CANNES, France (Reuters) - WPP founder Martin Sorrell rounded on the board of the advertising giant he founded on Thursday in his first major public appearance since quitting as chief executive in April.
Sorrell, 73, has denied an allegation of personal misconduct which led to his departure from the world’s biggest advertising company. Neither Sorrell nor the company have given any details about the nature of the complaint.
“The most damaging thing that happened during the course of those events... was the leak over the Easter weekend at the very top of the company, and which to my knowledge there has been no investigation whatsoever,” Sorrell told a packed event in Cannes organised by The Drum publisher.
His rapid exit followed decades of success at WPP which brought great wealth for investors including Sorrell, who earned around 200 million pounds in the last five years alone due to a performance-linked bonus scheme.
Sorrell said he had asked WPP to conduct an investigation into how the allegation had leaked to the Wall Street Journal.
“There has been no investigation to my knowledge of how, why and what the leak consisted of and I think that is a fundamental flaw,” Sorrell said in Cannes, adding that he had requested one.
A spokesman for the company declined to give any further details but said:”WPP takes confidentiality very seriously and is acting appropriately.”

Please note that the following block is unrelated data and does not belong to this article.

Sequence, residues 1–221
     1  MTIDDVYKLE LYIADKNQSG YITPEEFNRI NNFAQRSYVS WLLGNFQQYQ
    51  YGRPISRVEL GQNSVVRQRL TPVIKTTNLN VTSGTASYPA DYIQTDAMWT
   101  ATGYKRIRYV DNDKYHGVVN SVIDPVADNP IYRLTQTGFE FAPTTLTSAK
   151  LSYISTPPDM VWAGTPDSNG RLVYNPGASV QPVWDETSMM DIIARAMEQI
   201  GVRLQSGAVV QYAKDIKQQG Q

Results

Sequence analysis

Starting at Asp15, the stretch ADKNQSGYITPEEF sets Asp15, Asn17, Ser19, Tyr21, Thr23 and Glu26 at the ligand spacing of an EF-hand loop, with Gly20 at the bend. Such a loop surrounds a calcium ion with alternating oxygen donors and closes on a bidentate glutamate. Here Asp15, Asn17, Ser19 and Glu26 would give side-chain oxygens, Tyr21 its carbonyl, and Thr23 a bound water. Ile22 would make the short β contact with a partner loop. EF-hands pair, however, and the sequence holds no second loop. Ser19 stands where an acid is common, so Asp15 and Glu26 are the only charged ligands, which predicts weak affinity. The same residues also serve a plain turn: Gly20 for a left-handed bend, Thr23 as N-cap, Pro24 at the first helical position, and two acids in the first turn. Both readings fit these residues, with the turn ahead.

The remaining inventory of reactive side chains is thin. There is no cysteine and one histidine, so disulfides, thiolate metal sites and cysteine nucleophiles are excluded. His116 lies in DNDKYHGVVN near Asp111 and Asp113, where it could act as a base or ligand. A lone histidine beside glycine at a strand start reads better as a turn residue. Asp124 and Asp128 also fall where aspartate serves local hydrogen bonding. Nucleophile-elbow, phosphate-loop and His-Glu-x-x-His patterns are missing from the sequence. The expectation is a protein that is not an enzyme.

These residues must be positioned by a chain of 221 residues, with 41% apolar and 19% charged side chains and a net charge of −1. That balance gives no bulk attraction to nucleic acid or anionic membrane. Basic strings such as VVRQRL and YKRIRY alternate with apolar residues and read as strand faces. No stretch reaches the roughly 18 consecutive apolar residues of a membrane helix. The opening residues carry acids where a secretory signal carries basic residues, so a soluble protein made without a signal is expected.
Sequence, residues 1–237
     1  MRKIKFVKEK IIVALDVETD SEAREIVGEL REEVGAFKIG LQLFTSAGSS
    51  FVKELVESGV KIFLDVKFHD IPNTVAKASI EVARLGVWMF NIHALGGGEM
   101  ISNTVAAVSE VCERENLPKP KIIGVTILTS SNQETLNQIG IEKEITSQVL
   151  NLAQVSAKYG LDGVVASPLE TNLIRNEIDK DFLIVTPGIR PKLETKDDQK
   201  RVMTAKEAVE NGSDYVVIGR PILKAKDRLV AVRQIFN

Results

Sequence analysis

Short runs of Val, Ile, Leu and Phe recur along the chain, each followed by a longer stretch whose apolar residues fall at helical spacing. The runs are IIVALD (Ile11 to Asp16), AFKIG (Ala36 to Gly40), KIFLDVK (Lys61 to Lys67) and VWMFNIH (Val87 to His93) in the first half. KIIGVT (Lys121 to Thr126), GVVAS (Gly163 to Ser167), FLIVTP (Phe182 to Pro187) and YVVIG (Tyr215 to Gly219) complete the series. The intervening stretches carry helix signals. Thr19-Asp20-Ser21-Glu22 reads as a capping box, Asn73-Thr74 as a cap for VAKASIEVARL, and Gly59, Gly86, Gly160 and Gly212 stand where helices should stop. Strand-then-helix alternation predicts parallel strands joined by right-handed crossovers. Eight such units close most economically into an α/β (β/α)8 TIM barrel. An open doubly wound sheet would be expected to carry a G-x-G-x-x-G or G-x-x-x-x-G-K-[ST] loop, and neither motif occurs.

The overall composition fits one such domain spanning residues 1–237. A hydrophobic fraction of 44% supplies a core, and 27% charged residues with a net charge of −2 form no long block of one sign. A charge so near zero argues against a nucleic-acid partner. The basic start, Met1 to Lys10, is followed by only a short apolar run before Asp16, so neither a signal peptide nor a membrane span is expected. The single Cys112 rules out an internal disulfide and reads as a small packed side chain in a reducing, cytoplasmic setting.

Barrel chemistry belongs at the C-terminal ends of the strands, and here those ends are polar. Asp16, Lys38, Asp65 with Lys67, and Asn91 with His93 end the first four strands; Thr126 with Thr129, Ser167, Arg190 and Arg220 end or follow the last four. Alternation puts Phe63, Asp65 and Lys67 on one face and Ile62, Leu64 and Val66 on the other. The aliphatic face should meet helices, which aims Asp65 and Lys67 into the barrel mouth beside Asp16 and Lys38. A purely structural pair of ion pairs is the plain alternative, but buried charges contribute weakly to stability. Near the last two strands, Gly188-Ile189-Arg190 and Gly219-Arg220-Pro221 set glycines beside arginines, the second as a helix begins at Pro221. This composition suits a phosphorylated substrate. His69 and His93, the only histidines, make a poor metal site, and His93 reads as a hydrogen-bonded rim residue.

Sorrell added that while WPP says it treats all of its 200,000 employees equally, he did not think this was the case.
“I would disagree violently with that premise, not all employees have been treated equally,” he said.
The departure of the world’s most famous advertising executive prompted speculation as to why he left, including a Financial Times report that he could be aggressive towards staff. Sorrell described the allegations as “scurrilous and salacious”.
“Am I the easiest person in the world to get along with, you know very well that sometimes I can be difficult, but I would always say difficult with justification,” he said, looking relatively relaxed, in a t-shirt and jacket.
“If it is a fault to demand or expect superior performance or for things to go well, mea culpa.”
Mark Read and Andrew Scott were appointed to run WPP in the interim after Sorrell quit, with Read focused on running the agency business, while Scott handles its finances.
Sorrell, a 2 percent shareholder in WPP, said the chairman had said he wanted to maintain stability, which he took as a signal that it would appoint an insider. Sorrell said he would back the two men to become joint CEOs if this was the case.
“I’m not saying two individuals because nobody could replace me individually, but those two individuals have complementary skills,” he told ad executives and journalists who had flocked to a small Irish pub on the Cannes waterfront to hear him.
“One on their own would not be sufficient in my view but two together can be a very powerful and potent combination.”
WPP has had to defend its handling of the departure after it emerged that Sorrell had left with share awards worth potentially 20 million pounds and without a non-compete clause.
He has since set up a new venture, S4 Capital with a pool of 150 million pounds from outside investors and acquired a listed shell company, repeating his formula from the 1980s when he used a then little-known firm called Wire and Plastics Products to buy some of the biggest ad agencies in the world.
Sorrell said he expected to work for the next seven years and then assess whether he wants to go on with a new cycle.
And outlining his position in the rapidly changing industry and what he wanted to achieve, he likened his new venture to a peanut. He noted that some people are allergic to them.
Editing by Guy Faulconbridge and Alexander Smith